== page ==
Kaiweets Multimeter KM601 Video Review – Parasitic Draw
Kaiweets Multimeter KM601 Features
Getting in your car to find a dead battery is no fun. Not only do you have to deal with a dead battery but you also have to find the culprit to the problem. We use the Kaiweets Multimeter to show you how to perform a parasitic draw test to help identify the drain. This KM601 smart multimeter from Kaiweets offers a large digital display without the large dial that we’re used to.
When you power up the Kaiweets multimeter, it opens in the Auto Function feature. The digital needle bounces between the Voltage (AC & DC), Ohms, and Continuity. Once you place the leads on the test subject, the multimeter can automatically detect which mode it should be. Pressing the big red Auto/Func button will allow you to manually select the option you desire as well.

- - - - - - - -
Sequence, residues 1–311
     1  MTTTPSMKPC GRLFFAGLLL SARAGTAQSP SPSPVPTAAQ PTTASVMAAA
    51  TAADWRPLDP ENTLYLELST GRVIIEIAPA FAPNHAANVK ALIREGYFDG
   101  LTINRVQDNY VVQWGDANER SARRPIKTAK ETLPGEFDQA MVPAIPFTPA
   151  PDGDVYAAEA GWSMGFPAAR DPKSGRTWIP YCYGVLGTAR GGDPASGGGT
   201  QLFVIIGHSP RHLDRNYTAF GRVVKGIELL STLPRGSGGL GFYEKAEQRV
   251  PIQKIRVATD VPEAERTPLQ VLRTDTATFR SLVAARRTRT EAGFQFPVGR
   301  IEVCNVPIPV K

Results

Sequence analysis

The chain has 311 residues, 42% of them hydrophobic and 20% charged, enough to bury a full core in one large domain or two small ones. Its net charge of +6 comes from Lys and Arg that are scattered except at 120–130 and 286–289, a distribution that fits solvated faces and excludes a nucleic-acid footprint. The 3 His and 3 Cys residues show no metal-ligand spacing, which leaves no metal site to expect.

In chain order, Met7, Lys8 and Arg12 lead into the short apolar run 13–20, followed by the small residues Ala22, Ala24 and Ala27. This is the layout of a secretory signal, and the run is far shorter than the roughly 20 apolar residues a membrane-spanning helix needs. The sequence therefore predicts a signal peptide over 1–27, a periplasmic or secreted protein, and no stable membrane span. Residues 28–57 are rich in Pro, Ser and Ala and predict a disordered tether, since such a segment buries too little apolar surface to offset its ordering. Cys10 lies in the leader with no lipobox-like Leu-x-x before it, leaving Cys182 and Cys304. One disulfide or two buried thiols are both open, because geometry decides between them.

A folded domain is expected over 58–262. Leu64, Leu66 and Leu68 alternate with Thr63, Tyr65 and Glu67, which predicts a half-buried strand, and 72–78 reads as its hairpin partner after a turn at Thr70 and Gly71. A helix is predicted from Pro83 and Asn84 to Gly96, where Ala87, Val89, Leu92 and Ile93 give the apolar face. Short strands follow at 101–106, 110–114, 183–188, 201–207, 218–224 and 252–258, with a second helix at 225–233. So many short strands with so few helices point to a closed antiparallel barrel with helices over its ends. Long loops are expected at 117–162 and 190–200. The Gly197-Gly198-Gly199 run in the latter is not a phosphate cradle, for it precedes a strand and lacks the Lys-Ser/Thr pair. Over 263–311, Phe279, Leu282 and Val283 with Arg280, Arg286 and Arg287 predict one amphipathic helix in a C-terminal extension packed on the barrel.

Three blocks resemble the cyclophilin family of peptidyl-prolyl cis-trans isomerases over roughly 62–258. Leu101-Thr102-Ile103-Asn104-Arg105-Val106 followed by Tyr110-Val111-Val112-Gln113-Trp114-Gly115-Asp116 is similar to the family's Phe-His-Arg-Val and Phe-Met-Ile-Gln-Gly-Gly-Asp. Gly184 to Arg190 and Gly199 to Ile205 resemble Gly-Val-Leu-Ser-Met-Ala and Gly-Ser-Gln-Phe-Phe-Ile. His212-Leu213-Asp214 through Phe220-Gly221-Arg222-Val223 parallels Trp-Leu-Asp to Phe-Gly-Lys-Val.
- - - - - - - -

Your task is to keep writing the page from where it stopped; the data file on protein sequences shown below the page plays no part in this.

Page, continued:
Testing for Parasitic Draw or Drain
There are a couple of ways that you can check for Parasitic Draw. First, be sure the KM601 (or another multimeter) is in the 10A setting for the current draw. To confirm there is a drain, with the key off and the car’s computer at rest, remove the negative battery cable, then place the leads of the Kaiweets Multimeter inline with the battery negative post and the battery negative cable. One end of the multimeter should be attached to the cable and the other lead attached to the post. If there is a drain, the meter should be registering the value in Amps or mA.
The second way to test is to set the multimeter to mV. Ensure the battery cables are attached and test each fuse with the Kaiweets Multimeter leads. Once the leads are on the fuse lugs, the meter should rest at “zero” within a few seconds. If the meter continues to show a value, then that circuit is pulling a draw on the system.